Why You Should Consider Using Contraceptives (+ FAQs) - Famasi Africa

Contraceptives prevent pregnancy, sexually transmitted infections, and health complications such as miscarriage, stillbirth, and maternal death.

Contraceptives for preventing pregnancy

When you think about pregnancy prevention, the first thing that comes to mind is "contraceptives" and "birth control". But it's easy to be confused about what contraception really is and how it works.

In this post, we'll discuss:

  • What contraceptives are
  • Why you should consider using contraceptives, and
  • Common questions about contraceptives.

But first, what are contraceptives?

A contraceptive is a product that prevents pregnancy. Most people think of them as just "the pill," but many kinds of contraceptives are available today. They come in various forms, like pills, patches, shots — even IUDs (intrauterine device) and the vaginal ring.

The most important thing to remember about contraceptives is that they function differently, so choosing the right one for you is essential.

Why should you consider contraceptives?
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Why should you consider contraceptives?

There are many benefits to using contraceptives, some of which include:

  • Preventing pregnancy: The most obvious benefit of using contraceptives is avoiding pregnancy. This is particularly important when you're not ready for a baby or if you don't want to have children at all.
  • Lesser health complications: Using contraceptives can help space your pregnancies so that you do not have two or more pregnancies too close together. This can decrease the risk of complications like low-birth weight, preterm birth, miscarriage, stillbirth, premature labour, maternal death, or other complications.
  • Avoiding sexually transmitted infections (STIs): Both male and female condoms can prevent contracting STIs. The effectiveness depends on how you use them, but condoms are the only proven birth control method that prevents both pregnancy and STIs.  
  • Preventing pelvic inflammatory disease (PID): PID occurs when a woman's reproductive organ is infected. It's often a result of untreated STIs and can cause chronic pelvic pain, and infertility. Complications like ectopic pregnancy can also occur, causing a fertilised egg to attach itself to the fallopian tube instead of the uterus. And there may be abscesses a collection of pus  in the woman's reproductive organs.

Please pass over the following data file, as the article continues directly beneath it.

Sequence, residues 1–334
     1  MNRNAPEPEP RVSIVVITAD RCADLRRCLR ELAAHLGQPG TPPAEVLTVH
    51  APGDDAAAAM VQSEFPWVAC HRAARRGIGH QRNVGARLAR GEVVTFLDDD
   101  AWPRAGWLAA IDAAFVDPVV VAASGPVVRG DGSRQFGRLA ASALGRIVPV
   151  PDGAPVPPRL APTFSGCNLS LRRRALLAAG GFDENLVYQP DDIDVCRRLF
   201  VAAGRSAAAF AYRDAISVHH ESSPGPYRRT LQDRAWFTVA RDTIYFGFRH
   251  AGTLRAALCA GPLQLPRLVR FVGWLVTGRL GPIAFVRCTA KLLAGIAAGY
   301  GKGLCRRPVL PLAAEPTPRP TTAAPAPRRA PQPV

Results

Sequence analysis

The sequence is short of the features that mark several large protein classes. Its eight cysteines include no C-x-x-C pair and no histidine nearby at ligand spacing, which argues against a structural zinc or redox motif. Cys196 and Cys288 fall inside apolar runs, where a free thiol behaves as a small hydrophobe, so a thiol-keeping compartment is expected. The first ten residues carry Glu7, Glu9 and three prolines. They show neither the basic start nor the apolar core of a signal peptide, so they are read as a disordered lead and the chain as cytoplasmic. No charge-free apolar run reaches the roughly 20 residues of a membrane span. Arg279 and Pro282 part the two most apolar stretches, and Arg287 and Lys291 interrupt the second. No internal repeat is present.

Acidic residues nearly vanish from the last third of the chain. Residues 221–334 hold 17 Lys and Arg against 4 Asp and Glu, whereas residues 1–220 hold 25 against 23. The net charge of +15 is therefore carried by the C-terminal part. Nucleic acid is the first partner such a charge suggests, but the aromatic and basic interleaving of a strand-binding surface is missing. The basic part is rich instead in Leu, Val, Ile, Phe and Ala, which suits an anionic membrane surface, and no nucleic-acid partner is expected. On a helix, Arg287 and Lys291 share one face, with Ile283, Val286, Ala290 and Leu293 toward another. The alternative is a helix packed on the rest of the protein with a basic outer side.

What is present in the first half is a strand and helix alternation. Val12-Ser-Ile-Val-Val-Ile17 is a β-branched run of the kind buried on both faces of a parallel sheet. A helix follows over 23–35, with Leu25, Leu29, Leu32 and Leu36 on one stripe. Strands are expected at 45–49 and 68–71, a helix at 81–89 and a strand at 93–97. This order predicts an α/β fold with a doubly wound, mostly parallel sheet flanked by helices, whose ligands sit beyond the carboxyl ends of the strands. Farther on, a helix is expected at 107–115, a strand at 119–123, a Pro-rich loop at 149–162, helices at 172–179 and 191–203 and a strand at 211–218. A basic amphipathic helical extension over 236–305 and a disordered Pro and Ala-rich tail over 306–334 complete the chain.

Frequently Asked Questions (FAQs)

Can I get pregnant if I have sex immediately after removing the arm contraception?
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Can I get pregnant if I have sex immediately after removing the arm contraception?

The arm contraceptive is a small rod that is inserted into the arm. It works by releasing the hormones progesterone and estrogen, which prevent pregnancy.

But there's no evidence that you can't get pregnant immediately after removing the arm contraceptive. If you still don't want to get pregnant, it's best to use a backup method of contraception like condoms and diaphragms for a few days after removing the rod.

I had sex during my fertility period and took pill, will I get pregnant, or will it delay my period?
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I had sex during my fertility period and took the pill. Will I get pregnant, or will it delay my period?

Having sex while taking the pill won't make you pregnant. This is because contraceptive pills prevent your ovaries from releasing eggs and thickens the cervical mucus to stop sperm from entering the uterus.

A woman can't get pregnant without sperm fertilising her eggs, but because contraceptives are different, some can delay your period. For example, a long-term use of pills containing estrogen and progestin can delay your period.

And since we respond differently to medications, you might have a delayed period when you take pills. This is why speaking with your Care Specialist before starting hormonal birth control is essential.

Can a dosage of contraceptives work for three rounds of unprotected sex?
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Can a dosage of contraceptive pill work for 3 rounds of unprotected sex?

When used correctly, the contraceptive pill can prevent pregnancy up to 3 rounds of unprotected sex. However, you can get pregnant if you make any mistake in using your medication.

For example, not sticking to schedule can made the pills ineffective. And if you vomit within 2 hours of using your pill, your body may not have absorbed it.  

In general, contraceptives are to be taken before engaging in sex to effectively prevent unintended pregnancy.

Can I use contraceptive pills twice a month?
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Can I use contraceptive pills twice a month?

Yes, most contraceptives can be used more than once a month. However, there are some you need to take daily to be effective.

Always read the instructions for each contraceptive to make sure you're using it correctly. And consult a healthcare provider before selecting a contraceptive, as he/she will recommend the best option for your needs.